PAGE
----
Stay Prepared! Stay Alive!


Charlie

Thursday, November 4, 2010

Shelter Site Safety Tips



The area and the way you approach a potential shelter location is critical in your well being. As you can see in the video the shelter location and stability were acceptable, although the apparent danger of the occupants (rattle snake) were not.

This mine shaft would have been a suitable shelter, but it is being visited by too many dangerous animals.  I noticed coyote and cougar tracks around the entrance to the mine and faint cougar tracks within the mine.  Not something I want to run into during the night when I am trying to sleep.

The snake would have made a suitable protein meal in a survival situation. If I had been in survival mode and been traveling for a couple of days, I would have taken the chance of killing the snake and using the shelter for at least one night.

I would have made a good fire near the entrance to the mine, ensuring that the smoke positioning would not be a problem.  I would also have adequate protection at the entrance by placing a wall of thorny bushes to deter anything trying to get in. I would also have several long spears on hand in case I had to fight something off.

Usually a good fire will keep most larger prey away. It is important that you do not box yourself inside and make sure you have a quick way out if needed.

It is important to know that some mines may have undetectable gases coming from them that can kill you. Usually, these types of mines would be labeled or sealed in some way, but not always.  Mines can be found a hundred miles from civilization, so finding one may not mean you are close to being rescued. Pacing yourself and conserving energy is a must.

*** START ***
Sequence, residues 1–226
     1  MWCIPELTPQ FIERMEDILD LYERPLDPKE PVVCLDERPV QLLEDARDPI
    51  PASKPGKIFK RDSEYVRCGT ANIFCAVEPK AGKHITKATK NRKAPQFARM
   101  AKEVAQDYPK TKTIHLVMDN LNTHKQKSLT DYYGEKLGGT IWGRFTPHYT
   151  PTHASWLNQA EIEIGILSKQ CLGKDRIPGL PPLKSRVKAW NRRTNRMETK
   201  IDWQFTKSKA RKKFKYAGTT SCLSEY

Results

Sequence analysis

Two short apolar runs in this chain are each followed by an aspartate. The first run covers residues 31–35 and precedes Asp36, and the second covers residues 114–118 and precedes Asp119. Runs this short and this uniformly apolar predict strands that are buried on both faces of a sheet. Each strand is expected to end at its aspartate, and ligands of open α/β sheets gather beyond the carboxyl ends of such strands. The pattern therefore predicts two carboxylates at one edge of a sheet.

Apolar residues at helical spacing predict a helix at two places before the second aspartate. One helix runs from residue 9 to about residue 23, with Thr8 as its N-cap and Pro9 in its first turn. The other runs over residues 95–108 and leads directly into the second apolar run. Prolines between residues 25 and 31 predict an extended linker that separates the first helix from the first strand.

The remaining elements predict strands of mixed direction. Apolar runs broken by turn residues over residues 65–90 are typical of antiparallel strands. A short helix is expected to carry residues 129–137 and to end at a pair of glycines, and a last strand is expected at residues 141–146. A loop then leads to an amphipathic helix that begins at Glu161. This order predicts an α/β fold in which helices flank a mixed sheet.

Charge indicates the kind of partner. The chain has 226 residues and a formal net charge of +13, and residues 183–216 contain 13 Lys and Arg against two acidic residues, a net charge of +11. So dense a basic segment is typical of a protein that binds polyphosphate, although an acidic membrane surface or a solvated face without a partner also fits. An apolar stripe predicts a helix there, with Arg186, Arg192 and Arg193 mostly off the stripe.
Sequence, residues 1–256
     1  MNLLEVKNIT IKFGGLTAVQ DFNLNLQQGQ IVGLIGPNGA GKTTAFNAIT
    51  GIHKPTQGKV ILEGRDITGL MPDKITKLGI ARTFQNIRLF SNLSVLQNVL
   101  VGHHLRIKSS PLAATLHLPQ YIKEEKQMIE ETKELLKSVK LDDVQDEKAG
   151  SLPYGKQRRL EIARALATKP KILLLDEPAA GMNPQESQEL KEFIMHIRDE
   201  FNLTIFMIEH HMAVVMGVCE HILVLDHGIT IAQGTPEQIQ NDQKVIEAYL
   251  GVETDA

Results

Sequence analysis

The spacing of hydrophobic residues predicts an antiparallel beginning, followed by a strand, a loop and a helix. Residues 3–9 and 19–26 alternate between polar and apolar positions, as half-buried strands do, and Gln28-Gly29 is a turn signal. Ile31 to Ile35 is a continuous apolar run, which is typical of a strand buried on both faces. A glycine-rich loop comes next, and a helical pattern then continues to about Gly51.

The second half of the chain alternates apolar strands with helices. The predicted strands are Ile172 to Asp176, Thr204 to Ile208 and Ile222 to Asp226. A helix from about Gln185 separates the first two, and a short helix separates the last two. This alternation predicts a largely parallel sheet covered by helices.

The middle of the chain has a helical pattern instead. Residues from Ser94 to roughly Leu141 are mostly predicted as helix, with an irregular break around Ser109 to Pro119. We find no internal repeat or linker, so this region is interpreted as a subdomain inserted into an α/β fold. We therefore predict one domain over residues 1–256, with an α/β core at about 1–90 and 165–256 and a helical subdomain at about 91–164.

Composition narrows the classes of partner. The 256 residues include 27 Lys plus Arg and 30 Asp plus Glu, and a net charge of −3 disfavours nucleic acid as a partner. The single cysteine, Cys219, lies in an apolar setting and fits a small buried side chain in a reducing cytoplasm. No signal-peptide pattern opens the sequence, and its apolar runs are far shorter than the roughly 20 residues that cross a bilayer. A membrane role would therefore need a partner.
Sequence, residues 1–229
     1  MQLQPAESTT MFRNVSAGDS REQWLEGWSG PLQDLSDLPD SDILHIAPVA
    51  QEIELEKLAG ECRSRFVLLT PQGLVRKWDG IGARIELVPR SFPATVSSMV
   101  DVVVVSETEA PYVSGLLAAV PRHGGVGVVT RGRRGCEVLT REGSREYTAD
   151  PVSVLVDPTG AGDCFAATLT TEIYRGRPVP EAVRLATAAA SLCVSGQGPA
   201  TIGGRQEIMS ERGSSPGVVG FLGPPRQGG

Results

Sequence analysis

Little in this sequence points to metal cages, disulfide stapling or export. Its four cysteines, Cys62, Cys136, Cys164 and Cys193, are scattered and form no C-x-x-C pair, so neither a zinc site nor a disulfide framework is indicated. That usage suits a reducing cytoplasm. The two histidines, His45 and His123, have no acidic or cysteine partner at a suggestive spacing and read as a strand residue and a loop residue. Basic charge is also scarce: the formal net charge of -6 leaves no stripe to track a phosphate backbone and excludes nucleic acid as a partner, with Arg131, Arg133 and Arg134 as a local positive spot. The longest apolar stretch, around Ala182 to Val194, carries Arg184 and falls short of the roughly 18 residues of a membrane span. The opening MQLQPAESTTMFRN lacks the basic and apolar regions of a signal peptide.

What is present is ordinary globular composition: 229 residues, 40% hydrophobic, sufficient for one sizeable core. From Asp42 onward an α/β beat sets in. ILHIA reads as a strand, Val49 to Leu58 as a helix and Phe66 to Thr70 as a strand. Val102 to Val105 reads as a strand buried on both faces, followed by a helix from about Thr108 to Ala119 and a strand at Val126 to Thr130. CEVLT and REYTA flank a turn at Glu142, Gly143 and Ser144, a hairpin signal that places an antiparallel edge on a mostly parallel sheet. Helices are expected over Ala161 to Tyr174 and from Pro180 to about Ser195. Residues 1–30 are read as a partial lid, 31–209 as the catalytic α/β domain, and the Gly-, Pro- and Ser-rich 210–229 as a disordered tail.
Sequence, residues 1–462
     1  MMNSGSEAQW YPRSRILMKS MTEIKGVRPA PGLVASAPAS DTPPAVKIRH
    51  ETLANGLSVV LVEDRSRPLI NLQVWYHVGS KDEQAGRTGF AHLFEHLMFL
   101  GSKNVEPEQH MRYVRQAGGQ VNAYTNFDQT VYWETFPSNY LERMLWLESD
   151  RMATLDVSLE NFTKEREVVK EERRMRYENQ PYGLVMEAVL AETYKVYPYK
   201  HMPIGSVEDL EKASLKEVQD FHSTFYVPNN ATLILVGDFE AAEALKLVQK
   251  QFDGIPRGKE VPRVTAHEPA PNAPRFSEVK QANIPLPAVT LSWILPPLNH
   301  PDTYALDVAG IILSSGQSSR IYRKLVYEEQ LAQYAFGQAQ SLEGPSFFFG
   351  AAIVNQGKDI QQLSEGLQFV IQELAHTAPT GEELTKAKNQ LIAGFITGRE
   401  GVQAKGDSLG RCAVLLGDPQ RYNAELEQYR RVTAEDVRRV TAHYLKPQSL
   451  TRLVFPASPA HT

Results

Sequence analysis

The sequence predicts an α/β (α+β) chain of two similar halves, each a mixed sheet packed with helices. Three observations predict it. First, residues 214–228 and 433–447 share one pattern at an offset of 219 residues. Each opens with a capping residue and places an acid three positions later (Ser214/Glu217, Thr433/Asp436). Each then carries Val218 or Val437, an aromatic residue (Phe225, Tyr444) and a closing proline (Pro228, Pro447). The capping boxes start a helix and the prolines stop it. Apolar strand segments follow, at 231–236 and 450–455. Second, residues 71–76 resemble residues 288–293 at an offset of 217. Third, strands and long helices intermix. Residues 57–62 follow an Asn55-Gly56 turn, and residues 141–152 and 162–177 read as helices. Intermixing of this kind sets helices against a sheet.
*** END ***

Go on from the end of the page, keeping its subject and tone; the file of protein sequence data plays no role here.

When selecting natural caves and overhangs, it is very important that you check the walls and roof for stability. Some stone will crack and slabs will fall loose when heated by a fire, especially when it is frozen. If this is happening you will see slabs of rock on the ground under the overhangs or inside the caves. A good indicator of where not to sleep.

Always check the cracks and holes in the caves or bushes for possible dangers of poisonous critters. Holes can be plugged with heavy stones if they appear deep or long and you can not see inside them.

Some caves will have bats as identified by the strong urine or ammonia smell coming from them. Gases produced by bat guano can kill you. Some caves may have large bee hives. The honey is not worth what the bees will do to you if you are not wearing protective clothing.  Some caves will have both bees and bats. I know this from first hand experience.

When sleeping under trees make sure the branches are sturdy. Remember that in a lighting storm, trees act as lighting rods.

Never put a shelter in a dry river bed. Need I say more on river beds? Never sleep near the banks of rivers or lakes.  Large animals, especially bear, like to drink from them. Moose, when they are in mating season, can get very agitated and will attack at a moments notice. If you are in crocodile country and sleeping near the banks, you may be whats on the menu. These large monsters can be found up to 100 yards or more from the water.

Common sense will usually assist you in locating a suitable shelter location. Knowledge of survival shelters and thinking safety at all times will better your chances of making it out alive.

Stay Prepared! Stay Alive!

Charlie